As a result, PII is a huge part of the insurance market, and affects millions of people in their daily work lives. The estimated premium value of the UK PI market is currently £3 billion in a chain that includes brokers, insurers, underwriters, solicitors and barristers. Within certain professions, there are also higher risk areas of work that make up the majority of professional negligence claims, such as medical malpractice (medical), conveyancing (legal), taxation (accountancy), investment/miss-selling (financial services), valuation (property) and design (construction). While PII is an important safety net for professionals, it’s crucial to note that it doesn’t protect against intentional wrongdoing or criminal acts.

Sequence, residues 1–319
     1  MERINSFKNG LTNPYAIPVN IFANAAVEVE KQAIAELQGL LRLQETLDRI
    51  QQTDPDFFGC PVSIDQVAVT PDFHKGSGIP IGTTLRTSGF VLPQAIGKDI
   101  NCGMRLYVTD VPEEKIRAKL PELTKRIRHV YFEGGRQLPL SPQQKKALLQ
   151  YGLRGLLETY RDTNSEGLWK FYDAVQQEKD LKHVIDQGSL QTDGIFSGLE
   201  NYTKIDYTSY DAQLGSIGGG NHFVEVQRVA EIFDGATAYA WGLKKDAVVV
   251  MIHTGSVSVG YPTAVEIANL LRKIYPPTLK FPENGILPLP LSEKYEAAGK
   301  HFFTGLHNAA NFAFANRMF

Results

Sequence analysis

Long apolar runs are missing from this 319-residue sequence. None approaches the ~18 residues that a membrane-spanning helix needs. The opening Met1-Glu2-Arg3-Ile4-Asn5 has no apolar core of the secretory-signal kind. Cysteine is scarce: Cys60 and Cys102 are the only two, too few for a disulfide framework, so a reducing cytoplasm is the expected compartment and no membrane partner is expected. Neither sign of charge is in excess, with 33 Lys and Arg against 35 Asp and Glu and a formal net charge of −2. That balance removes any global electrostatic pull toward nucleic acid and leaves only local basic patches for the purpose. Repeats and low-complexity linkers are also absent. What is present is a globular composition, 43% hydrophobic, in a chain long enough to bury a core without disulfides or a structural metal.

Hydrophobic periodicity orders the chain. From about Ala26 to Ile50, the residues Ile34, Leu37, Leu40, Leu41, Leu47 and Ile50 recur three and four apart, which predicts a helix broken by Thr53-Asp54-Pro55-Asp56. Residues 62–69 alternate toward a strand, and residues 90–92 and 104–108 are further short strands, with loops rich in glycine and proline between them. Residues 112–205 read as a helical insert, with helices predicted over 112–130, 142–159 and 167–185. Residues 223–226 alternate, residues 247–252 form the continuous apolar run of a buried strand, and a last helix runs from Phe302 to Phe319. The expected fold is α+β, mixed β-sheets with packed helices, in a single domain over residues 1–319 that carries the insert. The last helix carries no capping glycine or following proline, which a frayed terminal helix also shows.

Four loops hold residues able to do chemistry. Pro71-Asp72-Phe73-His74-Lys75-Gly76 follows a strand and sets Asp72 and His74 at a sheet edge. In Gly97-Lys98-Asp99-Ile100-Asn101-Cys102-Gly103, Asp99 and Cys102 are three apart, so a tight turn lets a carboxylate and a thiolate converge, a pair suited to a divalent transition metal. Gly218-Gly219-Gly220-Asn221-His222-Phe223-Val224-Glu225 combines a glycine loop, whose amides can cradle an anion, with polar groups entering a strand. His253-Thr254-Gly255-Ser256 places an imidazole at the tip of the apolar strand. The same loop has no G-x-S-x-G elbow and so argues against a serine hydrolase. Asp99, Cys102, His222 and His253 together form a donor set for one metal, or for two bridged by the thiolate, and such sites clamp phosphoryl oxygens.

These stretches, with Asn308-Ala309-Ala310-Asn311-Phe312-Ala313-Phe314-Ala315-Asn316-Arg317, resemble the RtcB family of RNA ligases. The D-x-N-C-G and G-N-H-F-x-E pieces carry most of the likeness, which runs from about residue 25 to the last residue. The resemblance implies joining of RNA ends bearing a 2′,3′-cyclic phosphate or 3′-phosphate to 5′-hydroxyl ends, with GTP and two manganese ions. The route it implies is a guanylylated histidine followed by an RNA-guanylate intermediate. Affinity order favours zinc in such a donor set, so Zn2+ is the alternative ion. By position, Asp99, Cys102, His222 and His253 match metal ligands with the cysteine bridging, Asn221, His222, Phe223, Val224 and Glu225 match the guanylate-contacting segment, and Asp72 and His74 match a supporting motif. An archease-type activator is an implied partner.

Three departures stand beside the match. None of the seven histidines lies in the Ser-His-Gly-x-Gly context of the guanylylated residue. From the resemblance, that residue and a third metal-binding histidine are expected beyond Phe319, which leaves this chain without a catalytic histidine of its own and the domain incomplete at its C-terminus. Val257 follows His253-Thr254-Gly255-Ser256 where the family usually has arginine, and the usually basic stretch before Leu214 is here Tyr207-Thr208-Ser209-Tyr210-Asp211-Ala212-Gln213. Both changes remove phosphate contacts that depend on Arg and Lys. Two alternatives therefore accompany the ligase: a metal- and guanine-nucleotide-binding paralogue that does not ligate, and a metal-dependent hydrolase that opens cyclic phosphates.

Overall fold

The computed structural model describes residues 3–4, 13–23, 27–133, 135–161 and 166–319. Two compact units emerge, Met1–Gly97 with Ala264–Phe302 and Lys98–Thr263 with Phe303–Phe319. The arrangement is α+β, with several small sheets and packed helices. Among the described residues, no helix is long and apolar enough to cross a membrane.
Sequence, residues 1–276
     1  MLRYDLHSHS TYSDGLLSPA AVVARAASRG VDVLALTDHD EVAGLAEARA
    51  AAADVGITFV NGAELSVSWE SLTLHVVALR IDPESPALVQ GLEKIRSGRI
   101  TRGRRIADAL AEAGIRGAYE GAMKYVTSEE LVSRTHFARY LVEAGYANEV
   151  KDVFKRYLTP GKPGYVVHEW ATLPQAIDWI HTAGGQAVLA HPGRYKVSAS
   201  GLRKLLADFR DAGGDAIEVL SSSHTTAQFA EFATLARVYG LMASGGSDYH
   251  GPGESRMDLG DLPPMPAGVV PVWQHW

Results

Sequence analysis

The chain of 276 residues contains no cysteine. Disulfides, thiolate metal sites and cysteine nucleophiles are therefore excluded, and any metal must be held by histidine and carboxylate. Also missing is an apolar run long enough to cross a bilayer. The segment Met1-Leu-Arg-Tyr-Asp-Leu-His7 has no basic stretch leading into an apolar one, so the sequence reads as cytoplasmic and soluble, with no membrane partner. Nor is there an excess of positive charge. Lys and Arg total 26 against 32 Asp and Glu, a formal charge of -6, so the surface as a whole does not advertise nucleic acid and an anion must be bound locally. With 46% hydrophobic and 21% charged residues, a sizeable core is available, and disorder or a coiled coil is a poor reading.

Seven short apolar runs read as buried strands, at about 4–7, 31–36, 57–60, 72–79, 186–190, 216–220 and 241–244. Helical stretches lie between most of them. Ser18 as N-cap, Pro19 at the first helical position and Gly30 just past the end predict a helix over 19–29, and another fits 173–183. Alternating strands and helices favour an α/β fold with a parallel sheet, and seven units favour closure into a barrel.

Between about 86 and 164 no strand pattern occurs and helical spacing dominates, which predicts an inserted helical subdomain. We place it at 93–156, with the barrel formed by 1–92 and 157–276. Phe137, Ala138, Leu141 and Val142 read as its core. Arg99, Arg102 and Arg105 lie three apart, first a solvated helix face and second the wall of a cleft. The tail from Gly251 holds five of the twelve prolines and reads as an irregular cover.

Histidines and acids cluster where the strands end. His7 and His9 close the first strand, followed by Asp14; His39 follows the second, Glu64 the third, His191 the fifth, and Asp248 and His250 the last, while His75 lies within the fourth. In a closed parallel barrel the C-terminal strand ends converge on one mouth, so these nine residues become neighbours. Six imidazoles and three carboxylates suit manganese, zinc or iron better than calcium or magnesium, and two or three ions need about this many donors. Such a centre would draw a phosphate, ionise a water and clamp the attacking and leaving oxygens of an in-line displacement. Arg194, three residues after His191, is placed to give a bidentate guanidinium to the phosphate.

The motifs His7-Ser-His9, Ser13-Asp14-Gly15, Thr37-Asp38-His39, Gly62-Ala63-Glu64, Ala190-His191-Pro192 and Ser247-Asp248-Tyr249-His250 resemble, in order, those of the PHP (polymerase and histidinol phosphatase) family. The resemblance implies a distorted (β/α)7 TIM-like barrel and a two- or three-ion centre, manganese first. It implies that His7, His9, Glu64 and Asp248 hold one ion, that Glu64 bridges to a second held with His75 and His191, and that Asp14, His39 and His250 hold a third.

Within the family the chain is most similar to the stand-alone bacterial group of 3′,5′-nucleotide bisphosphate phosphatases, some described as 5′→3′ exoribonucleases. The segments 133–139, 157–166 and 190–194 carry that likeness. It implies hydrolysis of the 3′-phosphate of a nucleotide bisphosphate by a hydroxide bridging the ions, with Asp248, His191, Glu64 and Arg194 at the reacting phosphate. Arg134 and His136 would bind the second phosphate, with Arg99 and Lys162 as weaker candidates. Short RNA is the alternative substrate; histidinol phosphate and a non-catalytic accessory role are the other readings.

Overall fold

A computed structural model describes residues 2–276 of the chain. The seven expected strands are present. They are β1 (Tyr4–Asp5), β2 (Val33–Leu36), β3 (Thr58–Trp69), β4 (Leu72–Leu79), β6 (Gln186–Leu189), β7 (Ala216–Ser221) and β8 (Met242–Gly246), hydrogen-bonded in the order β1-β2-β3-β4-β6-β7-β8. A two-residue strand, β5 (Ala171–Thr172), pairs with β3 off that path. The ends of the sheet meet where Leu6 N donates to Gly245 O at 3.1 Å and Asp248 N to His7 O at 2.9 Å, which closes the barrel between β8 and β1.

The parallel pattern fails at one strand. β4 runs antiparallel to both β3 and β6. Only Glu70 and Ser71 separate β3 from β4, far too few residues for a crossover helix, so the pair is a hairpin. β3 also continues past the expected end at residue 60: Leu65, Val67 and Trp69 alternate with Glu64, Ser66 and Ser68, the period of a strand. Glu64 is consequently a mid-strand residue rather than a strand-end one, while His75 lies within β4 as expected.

Even if you don’t plan on practising PI law, if you envisage a career in any profession, it’s important to be aware of what PI is and how it works. PII is used as a risk management tool by professionals alike. One such industry in which PII is extremely important is the construction industry. This is because it’s not only about identifying potential risks, but also having in place appropriate measures to mitigate such risks.

Building Safety Act 2022

The Building Safety Act 2022 (BSA) came about as a direct result of recommended reforms to the construction industry in the wake of the Grenfell Tower tragedy in 2017. It’s the most significant reform to the construction industry in recent years. As a piece of primary legislation, it creates a legal framework for the changes to take effect and makes way for a number of secondary legislations to follow in the coming months and years. It makes radical changes, offering property owners more rights and protections, and completely overhauls the construction industry’s existing regulations, ensuring that our buildings are overall safer.